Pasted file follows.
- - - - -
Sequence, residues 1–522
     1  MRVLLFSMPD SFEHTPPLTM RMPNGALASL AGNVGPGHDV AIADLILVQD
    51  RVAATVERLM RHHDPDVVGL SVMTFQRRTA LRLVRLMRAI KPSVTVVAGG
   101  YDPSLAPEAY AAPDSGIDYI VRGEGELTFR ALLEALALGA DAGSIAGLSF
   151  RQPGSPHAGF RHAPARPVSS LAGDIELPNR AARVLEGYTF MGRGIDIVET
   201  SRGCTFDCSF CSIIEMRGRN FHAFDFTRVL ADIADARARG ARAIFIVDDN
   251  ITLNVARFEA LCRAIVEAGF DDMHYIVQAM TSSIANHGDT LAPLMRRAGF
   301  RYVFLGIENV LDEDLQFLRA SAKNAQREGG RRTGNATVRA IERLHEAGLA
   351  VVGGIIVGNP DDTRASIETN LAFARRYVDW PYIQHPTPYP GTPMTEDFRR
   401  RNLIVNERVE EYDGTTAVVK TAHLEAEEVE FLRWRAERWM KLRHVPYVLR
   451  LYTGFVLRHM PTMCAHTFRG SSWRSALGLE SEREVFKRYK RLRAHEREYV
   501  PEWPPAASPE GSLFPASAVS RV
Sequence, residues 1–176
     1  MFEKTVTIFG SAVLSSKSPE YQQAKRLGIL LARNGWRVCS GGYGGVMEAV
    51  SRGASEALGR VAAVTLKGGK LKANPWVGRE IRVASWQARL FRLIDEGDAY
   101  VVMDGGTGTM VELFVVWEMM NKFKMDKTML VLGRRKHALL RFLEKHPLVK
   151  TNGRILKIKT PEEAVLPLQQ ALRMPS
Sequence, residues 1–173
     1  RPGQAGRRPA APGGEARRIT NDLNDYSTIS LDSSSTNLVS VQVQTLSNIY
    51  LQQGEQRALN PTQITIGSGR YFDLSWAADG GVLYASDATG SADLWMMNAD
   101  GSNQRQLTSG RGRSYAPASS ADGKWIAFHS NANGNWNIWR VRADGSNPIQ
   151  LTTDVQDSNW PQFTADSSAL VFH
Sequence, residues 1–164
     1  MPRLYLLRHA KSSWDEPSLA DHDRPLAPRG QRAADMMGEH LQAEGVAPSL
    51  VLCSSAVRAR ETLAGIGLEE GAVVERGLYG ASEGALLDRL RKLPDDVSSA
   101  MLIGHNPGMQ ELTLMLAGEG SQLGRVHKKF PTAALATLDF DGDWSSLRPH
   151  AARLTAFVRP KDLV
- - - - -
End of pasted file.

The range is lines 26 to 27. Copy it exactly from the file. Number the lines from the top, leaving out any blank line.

   101  MLIGHNPGMQ ELTLMLAGEG SQLGRVHKKF PTAALATLDF DGDWSSLRPH
   151  AARLTAFVRP KDLV